Pediatric and GU Exams
After the neonate exam session I had Wednesday afternoon, I had a pediatric one on Thursday at Texas Children’s and a genitourinary session yesterday morning at the Baylor Clinic – both of which were incredible experiences too.
Pediatrics is a field which I don’t see myself pursuing in the future but have much respect for nevertheless. The patient population has tremendous variability ranging from the quiet, cooperative pre-teen to the rowdy five year old who just can’t sit still. A colleague and I had the privilege of following a really cool gastroenterologist who, aside from guiding us how to conduct a comprehensive history and exam, provided us with some nifty “clinical tricks.” For example, kids tend to be extremely ticklish around the abdomen, so when performing abdominal palpations, place the patient’s hands on top of yours. That way, they can anticipate where you will be palpating. Next, when trying to determine if a child is wheezing, use your penlight like a candle and ask the patient to blow it out as fast as they can. Kids rely on forceful expiration when blowing out, say, birthday candles… so any signs of wheezing will become apparent. Also, because you never know how many exams you’ll have to skip because of noncompliance, there are some helpful things you can ascertain just by looking at the patient from across the room (this is similar to the neonate exam). For example, the redness of a patient’s lips correlates to his/her hemoglobin level. I sort of wish Baylor Med had an elective called “clinical tricks” where they teach these pearls of wisdom before beginning clinics in January. 🙂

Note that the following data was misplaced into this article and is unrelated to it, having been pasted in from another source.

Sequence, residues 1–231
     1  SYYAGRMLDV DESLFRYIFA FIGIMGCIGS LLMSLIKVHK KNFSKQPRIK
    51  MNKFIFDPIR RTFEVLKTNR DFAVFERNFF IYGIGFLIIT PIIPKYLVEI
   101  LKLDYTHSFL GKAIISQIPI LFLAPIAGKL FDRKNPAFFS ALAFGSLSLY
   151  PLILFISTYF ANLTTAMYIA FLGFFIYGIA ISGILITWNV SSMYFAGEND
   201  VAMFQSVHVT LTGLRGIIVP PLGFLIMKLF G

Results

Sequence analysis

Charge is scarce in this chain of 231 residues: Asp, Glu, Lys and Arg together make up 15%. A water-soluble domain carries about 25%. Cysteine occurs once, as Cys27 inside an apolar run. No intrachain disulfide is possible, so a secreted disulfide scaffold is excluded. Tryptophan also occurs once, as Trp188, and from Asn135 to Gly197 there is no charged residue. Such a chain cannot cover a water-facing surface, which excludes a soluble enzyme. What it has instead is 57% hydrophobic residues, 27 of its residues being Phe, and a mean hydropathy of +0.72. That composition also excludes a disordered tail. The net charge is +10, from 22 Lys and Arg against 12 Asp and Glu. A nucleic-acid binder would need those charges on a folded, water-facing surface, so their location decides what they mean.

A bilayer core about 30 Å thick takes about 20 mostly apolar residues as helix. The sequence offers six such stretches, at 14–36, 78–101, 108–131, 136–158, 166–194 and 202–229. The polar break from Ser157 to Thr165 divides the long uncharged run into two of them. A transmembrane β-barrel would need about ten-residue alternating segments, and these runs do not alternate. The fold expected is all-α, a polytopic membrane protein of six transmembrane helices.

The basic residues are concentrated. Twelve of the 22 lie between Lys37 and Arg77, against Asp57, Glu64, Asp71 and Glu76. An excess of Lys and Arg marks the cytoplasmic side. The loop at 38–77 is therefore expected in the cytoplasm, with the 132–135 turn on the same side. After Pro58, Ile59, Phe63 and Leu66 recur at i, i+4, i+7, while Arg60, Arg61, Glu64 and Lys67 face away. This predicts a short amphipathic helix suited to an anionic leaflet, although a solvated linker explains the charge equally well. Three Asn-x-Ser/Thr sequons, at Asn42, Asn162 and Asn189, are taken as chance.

The genitourinary session was formatted in a very different manner. We started by watching a brief video outlining the process of examining the penis, scrotum/testes, prostate, and surrounding structures in the perineum. We then divided up into groups of five and rotated through a series of exam rooms where residents/physicians taught us how to perform each of the aforementioned exams (including how to insert a Foley catheter) on plastic models. We ended the session by performing the exams on a standardized patient. While the genitourinary exam seems to invade one’s modesty, it’s incredible how much information a physician can elicit from a two minute examination. Does the patient’s prostate seem to be enlarged or have an irregular texture? Could be indicative of processes like BPH or prostate cancer. Is there a tremendous amount of discomfort in the left, posterior part of the scrotum? Could be epididymitis.
I’m really happy with how well organized and informative the three PPS sessions I participated in this week have been. Now it’s time to really focus on the material for this block – gastrointestinal and hard/soft tissues. I’d also like to point out that today’s date is 10/10/10. Hopefully this brings luck to both the Texans and the Saints in their respective games this afternoon! 🙂